The most powerful Caribbean hurricane in nearly a decade has left thousands of people displaced in Haiti, with rescuers struggling to reach the worst-hit areas.
Hurricane Matthew is said to have devastated parts of the country, where at least two people have died.
The storm has now moved off the north-eastern coast of Cuba towards Florida, where warnings are in place.
South Carolina is to start evacuating more than a million people.
Matthew, now a category three hurricane, is predicted to hit the US east coast later in the week.
- Hurricane Matthew in pictures
- Animated guide: Hurricanes
- Haitians describe hurricane ordeal
- Eyewitness: ‘My neighbour’s house was destroyed’
The hurricane also hit Cuba, but early reports suggested it is impact was not as hard as in Haiti, where there were winds of 230km/h (145mph), heavy rain and dangerous storm surges.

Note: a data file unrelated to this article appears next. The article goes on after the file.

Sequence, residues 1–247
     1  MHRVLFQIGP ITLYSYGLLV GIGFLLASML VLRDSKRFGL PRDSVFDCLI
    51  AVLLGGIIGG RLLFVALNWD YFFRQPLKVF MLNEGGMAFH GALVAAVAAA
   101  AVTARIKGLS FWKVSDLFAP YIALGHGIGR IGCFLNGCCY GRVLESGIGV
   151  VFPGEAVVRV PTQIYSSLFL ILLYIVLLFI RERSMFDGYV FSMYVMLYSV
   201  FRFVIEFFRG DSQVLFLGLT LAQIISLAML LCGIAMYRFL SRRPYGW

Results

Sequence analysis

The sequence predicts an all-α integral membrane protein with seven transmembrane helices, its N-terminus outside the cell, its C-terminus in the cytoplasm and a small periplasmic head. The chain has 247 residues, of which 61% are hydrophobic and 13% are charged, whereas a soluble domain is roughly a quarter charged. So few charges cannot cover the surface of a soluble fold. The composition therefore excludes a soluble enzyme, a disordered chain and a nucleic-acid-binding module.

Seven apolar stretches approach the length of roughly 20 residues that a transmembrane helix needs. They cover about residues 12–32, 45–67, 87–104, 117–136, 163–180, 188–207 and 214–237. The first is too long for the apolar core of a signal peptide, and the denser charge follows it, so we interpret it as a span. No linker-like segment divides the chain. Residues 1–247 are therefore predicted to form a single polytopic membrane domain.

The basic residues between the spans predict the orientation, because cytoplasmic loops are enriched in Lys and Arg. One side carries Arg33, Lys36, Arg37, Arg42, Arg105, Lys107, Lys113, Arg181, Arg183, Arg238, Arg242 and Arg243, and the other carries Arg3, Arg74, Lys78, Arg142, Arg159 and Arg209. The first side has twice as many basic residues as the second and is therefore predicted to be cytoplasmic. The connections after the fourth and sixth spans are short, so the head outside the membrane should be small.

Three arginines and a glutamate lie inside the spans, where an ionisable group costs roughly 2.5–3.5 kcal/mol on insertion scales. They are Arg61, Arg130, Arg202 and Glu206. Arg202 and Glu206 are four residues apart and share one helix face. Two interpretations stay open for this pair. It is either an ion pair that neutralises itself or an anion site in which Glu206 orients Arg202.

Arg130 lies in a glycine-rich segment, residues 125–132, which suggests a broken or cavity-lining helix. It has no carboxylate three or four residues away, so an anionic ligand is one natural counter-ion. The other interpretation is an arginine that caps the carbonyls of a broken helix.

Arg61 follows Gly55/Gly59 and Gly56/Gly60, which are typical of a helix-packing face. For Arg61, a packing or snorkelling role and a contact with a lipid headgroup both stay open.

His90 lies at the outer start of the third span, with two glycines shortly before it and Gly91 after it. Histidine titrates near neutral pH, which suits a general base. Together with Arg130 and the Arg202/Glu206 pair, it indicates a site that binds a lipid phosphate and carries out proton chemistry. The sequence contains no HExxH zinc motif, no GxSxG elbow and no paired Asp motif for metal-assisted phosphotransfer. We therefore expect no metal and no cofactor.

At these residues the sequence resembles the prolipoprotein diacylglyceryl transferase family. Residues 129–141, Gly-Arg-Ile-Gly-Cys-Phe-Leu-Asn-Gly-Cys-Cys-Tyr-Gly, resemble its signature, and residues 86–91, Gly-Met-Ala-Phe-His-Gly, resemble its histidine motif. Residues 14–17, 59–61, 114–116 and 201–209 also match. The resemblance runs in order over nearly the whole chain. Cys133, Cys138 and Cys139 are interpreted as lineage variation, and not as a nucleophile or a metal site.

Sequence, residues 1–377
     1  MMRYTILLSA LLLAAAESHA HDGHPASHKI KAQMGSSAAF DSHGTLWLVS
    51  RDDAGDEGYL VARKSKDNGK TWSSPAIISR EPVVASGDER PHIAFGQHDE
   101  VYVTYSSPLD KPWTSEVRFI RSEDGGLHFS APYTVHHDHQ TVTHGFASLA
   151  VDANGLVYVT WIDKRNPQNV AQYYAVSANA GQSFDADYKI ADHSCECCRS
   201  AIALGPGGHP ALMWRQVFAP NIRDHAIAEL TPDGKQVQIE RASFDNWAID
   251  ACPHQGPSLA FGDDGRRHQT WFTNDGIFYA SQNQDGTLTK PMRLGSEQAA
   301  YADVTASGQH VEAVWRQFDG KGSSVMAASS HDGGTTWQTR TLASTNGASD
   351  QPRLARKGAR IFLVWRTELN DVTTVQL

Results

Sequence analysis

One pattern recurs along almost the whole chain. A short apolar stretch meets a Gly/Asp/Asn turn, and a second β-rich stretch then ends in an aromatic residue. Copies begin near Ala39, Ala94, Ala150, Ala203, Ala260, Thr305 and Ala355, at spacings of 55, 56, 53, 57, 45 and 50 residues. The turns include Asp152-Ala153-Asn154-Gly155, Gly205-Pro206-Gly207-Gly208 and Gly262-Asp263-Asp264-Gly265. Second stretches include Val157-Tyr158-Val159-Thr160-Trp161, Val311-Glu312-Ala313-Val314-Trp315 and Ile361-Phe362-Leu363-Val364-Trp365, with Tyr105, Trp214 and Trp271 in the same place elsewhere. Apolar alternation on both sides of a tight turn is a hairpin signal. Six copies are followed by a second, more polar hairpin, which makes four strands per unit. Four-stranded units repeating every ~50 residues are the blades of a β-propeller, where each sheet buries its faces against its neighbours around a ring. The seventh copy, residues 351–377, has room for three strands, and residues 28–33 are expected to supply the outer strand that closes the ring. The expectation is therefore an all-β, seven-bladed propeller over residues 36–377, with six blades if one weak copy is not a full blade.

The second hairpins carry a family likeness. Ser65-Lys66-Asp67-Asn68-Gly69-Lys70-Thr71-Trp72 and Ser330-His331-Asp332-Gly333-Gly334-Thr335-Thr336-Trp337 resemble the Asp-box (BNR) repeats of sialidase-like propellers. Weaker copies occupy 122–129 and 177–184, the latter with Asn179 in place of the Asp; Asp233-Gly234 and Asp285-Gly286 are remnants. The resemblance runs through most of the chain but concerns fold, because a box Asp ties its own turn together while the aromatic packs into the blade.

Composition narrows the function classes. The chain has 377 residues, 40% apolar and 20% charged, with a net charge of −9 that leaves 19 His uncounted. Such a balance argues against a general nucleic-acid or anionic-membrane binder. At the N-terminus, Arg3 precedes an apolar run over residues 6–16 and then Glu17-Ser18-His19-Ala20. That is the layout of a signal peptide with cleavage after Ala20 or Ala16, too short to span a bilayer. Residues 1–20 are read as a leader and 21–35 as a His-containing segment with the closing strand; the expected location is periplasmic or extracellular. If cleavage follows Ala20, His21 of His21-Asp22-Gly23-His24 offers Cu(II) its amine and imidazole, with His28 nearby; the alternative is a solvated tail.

At least 10,000 people were in shelters and there were reports of overcrowded hospitals suffering shortages of fresh water, Mourad Wahba, the UN special representative for Haiti, said.
The storm knocked down communications and blocked roads, hampering emergency efforts.
The collapse of a bridge cut off the only link between the capital, Port-au-Prince, and the southern part of the country, and officials admitted it would be difficult to reach the region.
Laura Sewel, an aid worker with Care Haiti, said: “The mobile network has also gone down. So what this means for us is that we’re out of contact with our staff right now which is quite difficult and the bridge going down means it will be harder to move materials.”
In the port town of Les Cayes, the situation was “catastrophic”, with streets flooded and many houses without roofs, deputy mayor Marie Claudette Regis Delerme said. She herself had to flee a meeting when a gust ripped off the building’s roof.
Images showed people walking in shoulder-high water, with relief workers saying that other coastal communities were also under water, including Les Anglais.